Monday, January 27, 2014

New Amsterdam connection of Indianapolis Symphony Orchestra yields a concert of mixed rewards

The pointillistic precision of yMusic  made a good impression in Sunday's concert.
It's a pleasure to note that  Indianapolis was part of a musical coincidence Sunday: On the same night that Roomful of Teeth, an ensemble in which Caroline Shaw sings, was picking up a Grammy Award, Shaw's composition "From Rivers" received its second performance ever at Hilbert Circle Theatre.

"From Rivers"  received its first performance at the opening of the Eskenazi Hospital in Indianapolis in December. On Sunday, Indianapolis-born vocal soloist Kristin "KO" Newborn joined the Indianapolis Children's Choir, accompanied by Indianapolis Symphony Orchestra associate principal cellist Perry Scott, in a performance keynoting a concert produced by New Amsterdam Records and presented by the ISO (but not featuring the orchestra).

Caroline Shaw, winner of 2013 Pulitzer Prize
Shaw's "From Rivers" contrasts the intensity of the solo voice with the ethereal choral lines. The cello accompaniment is sufficiently adaptive to carry out the  function of anchoring what would otherwise be an a cappella challenge — perhaps to listeners as well as performers. A moderately fast section with a calypso feel relieved the solemnity of the composition's first part. "From Rivers" received a committed, gracefully controlled performance Sunday, led by ICC founder and artistic director Henry Leck.

Guest artist Julianna Barwick opened the program with one of her vocal-loop compositions. They typically lay down a pattern of phrases upon which Barwick sets a vocal line, sometimes undergirded by simple electronic-keyboard chords. What I heard was probably supposed to have strong emotional import, but didn't quite deliver anything engaging to me. Shimmering textures of "white-key" vocal harmony, shifting slowly like a kaleidoscope turned by an arthritic hand, set up in my mind cold, gleaming barriers that struck me as designed to keep the listener at a chilly, uncomfortable distance. I felt like a wanderer stranded in the cold at the foot of a glacier.

Barwick continued to be featured throughout the concert's first half, joined for three short pieces by the wonderfully well-trained ICC. Right before intermission, a Barwick composition called "Crystal Lake" was performed. Before it started, a ghastly blue light suddenly shone upon the children, who were ranged along the stage on risers. It leached vitality from their faces, making them look like pale, dead flowers somehow capable of singing. The effect was most unsettling, and the music offered no relief from that unfortunate impression.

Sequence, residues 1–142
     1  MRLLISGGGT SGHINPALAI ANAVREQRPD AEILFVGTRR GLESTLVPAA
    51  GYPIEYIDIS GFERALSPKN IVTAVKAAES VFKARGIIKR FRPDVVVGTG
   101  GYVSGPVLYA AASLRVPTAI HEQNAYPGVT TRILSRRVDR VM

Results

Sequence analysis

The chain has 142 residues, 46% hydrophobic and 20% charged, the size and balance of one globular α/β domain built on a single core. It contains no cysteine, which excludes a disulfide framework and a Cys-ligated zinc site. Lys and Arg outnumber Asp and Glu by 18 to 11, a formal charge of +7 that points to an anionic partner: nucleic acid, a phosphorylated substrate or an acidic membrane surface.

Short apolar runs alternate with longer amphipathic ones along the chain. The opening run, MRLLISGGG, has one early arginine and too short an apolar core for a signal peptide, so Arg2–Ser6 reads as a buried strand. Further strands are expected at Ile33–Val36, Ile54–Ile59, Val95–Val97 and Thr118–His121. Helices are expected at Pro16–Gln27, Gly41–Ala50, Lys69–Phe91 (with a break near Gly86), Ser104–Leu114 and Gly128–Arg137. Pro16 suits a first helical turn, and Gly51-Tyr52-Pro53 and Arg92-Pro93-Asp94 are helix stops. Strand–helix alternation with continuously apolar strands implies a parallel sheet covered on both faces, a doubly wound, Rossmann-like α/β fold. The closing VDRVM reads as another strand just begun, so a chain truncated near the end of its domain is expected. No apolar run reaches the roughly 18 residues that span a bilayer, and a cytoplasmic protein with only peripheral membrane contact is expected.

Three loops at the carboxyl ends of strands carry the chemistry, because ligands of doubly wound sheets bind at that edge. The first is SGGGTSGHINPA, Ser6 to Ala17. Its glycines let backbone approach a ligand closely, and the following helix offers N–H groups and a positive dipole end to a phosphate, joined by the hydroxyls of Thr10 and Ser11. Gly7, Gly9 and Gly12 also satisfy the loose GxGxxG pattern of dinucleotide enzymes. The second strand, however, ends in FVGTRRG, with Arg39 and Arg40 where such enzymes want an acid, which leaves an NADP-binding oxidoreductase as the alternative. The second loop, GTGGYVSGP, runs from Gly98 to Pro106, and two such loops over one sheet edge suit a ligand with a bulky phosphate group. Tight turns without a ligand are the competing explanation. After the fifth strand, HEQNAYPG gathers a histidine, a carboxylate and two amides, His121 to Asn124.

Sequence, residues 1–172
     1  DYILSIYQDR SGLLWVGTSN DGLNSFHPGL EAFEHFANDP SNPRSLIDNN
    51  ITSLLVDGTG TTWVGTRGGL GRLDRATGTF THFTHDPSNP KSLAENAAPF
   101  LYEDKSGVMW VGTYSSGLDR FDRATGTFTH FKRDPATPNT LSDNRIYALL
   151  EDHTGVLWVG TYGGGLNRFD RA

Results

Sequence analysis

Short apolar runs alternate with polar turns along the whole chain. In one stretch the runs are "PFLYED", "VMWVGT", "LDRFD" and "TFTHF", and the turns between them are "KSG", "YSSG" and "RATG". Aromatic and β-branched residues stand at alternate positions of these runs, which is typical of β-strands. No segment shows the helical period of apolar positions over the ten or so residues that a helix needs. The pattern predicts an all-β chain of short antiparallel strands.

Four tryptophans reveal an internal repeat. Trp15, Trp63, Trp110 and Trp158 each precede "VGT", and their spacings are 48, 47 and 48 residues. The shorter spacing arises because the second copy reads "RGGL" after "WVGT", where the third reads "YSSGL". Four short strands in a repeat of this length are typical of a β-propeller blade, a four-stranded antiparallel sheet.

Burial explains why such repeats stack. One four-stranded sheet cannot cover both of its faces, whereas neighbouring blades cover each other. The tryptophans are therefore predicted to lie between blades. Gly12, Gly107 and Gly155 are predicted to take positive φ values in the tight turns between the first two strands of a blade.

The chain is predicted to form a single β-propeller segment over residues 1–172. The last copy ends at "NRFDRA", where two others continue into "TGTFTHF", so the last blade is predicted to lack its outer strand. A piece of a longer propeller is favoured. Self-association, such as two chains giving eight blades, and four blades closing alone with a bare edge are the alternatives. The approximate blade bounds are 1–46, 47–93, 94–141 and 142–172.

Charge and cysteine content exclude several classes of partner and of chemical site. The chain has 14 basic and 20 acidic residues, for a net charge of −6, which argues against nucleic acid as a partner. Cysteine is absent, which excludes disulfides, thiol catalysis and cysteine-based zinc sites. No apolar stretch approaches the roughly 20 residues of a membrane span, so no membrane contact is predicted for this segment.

The expert playing of the instrumental sextet yMusic, the ensemble featured in the concert's second half, injected some needed vitality into the program.  The young group — a string trio plus clarinet, flute and trumpet — must enjoy good rapport with composers, as a wide range of their cohorts has contributed to their repertoire.

YMusic opened with the perky pointillism of Son Lux's "Beautiful Mechanical," then really won the audience's hearts with the episodic, stirring "Proven Badlands"  (Annie Clark) before concluding its mini-set with Judd Greenstein's open-air "Clearing, Dawn, Dance." This is a group one would welcome hearing in a full-length concert, perhaps presented by the Ensemble Music Society.

I picked up a more favorable feeling for Barwick's music in the three works that ended the concert, partly because yMusic violinist Robert Moose's arrangements spread her fondness for static sonorities over a wider sound palette. Even so, these culminating pieces required a diminution of yMusic's capabilities, even while they continued to put on display the poise and sensitive preparation of the Indianapolis Children's Choir.





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